Qatar Airways is carefully watching New Zealand’s border settings but, for the airline that has kept flying here during the pandemic, this country remains firmly on the radar.

Jared Lee, vice-president for sales, said there was strong booking interest in its flights through Doha and its Boxing Day sale included return fares to Europe from New Zealand that were around pre-pandemic levels.

The Qatar government-owned airline expanded while other carriers grounded planes to build market share, although it dropped its daily non-stop flights to Auckland, instead dropping down to three times a week for most of the last 22 months.The flights touch down in Brisbane for a 90-minutetech stop.

“Speaking with many of our stakeholders, travel agents and our passengers, there is definitely demand for travel to and from New Zealand. With future bookings in place already, we anticipate that this demand will continue to rise once certain concerns are addressed,” said Lee.

There remains uncertainty over when MIQ-free travel would return after the Government’s walk-back of relaxing restrictions for Kiwi travellers.Much will depend on how dangerous the Omicron variant becomes to New Zealand’s health system.

Speaking before the Government’s policy reversal on self-isolation, Lee said it was hard to predict schedules initially next year but it would “hopefully” be at least four weekly flights.

Non-stop Auckland-Doha flights – once the longest flight in the world – were a possibility.

“Our global network has expanded to currently operating in over 150 destinations. In regards to New Zealand, we will continue to be committed. Our services for next year, whether it would be point-to-point or flying via Brisbane, will depend on New Zealand border-opening plans.”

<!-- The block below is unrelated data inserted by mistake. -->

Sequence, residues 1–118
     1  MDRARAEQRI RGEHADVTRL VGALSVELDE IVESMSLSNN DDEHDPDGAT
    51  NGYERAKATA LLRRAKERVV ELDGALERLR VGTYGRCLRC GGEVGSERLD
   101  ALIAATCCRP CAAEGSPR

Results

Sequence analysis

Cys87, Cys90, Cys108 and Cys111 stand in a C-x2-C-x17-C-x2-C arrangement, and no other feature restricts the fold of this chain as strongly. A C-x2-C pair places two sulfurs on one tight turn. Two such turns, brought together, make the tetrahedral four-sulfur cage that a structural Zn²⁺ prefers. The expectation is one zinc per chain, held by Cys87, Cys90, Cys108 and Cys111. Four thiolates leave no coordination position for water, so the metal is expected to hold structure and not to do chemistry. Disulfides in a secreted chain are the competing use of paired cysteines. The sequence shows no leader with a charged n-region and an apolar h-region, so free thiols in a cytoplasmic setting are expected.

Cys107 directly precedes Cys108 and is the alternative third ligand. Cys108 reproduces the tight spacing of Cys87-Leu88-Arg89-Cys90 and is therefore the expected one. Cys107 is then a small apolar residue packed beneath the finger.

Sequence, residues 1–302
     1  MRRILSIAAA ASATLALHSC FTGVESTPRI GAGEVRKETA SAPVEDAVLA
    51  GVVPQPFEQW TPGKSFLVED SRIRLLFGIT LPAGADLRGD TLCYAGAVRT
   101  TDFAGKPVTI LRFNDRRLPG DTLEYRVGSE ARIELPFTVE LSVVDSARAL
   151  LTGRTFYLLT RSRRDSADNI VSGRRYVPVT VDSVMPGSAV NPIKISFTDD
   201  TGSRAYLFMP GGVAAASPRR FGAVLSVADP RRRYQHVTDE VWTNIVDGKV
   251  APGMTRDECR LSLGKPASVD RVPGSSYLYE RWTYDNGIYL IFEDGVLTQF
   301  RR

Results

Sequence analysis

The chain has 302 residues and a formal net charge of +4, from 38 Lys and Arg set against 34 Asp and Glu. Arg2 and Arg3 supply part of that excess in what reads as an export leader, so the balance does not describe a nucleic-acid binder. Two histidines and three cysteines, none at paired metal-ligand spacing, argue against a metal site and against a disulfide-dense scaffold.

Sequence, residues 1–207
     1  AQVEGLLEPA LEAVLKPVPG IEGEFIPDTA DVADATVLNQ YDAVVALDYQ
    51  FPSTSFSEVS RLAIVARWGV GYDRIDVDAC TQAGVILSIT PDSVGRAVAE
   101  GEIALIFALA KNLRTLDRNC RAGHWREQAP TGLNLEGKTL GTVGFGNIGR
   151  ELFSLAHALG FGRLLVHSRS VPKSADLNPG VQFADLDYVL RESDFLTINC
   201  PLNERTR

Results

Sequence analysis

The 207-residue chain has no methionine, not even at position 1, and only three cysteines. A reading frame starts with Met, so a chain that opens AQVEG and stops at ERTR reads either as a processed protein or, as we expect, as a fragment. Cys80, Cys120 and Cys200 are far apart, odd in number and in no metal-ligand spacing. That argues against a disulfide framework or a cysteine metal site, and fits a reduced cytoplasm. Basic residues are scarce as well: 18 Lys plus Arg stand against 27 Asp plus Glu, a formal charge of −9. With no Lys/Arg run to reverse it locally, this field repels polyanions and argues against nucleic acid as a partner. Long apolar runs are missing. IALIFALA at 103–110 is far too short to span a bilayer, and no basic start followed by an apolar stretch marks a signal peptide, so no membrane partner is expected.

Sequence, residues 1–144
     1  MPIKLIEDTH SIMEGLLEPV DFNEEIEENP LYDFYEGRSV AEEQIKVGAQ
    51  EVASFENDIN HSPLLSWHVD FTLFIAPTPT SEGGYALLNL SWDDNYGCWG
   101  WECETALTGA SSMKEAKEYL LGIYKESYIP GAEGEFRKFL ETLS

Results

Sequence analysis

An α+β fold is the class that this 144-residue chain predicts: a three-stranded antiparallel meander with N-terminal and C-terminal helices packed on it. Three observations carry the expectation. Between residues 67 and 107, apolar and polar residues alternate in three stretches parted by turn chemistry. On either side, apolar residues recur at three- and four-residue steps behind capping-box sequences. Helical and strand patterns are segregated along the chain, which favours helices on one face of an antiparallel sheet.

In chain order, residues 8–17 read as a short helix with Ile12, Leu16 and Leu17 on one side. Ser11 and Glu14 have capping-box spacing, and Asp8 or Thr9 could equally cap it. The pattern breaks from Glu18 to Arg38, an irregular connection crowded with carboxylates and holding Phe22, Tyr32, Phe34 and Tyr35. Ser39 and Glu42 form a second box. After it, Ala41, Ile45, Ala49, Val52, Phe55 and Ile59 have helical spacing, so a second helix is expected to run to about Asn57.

Qatar was currently operating the Boeing 777-300ER, however if it decided to return to non-stop flying would probably go back to using the 777-200LR as this was an ideal aircraft for a 17-hour flight.

Middle Eastern rival Emirates has kept up flights throughout the pandemic and, like Singapore Airlines, has maintained a strong presence here. The longer that borders remain restricted by MIQ availability for returning Kiwis and effectively closed to most foreign arrivals, the more risk there is of other smaller airlines not returning.

About 30 airlines flew into Auckland before Covid-19 but this had fallen by about a half.

Lee said the competitive landscape has changed immensely over the last few years.

“When we launched in 2017, the New Zealand market was saturated with many carriers flying in so there was extreme competition.”

However, although the number of airlines had plunged, so had the number of passengers.

“The number of carriers we are competing with is a lot less; the competition amongst the current carriers flying into New Zealand is still aggressive.”

Over Christmas Qatar had return economy fares to Europe starting at $1819 and business at $7039.

Lee said its dynamic pricing strategy is based on many aspects such as destinations, connectivity and transit times.

He said there had been increased demand for its business class – which topped the world Skytrax passenger survey in 2021.Qatar was also named airline of the year.

He said maintaining a presence in New Zealand had helped build on loyalty.

“We know Kiwis are all about loyalty. They were loyal to us pre-pandemic since our launch in the New Zealand market, and we will continue our loyalty to them by being present in the New Zealand market, offering the best product, service and price.”

Lee is an aviation veteran, with close to three decades of airline experience. He joined Qatar Airways in 2006 and was instrumental in the commercial success of Qatar Airways’ operation in the Asia Pacific (China, Japan, Korea, Australasia, Southeast Asia, South Asian Subcontinent), and African markets.

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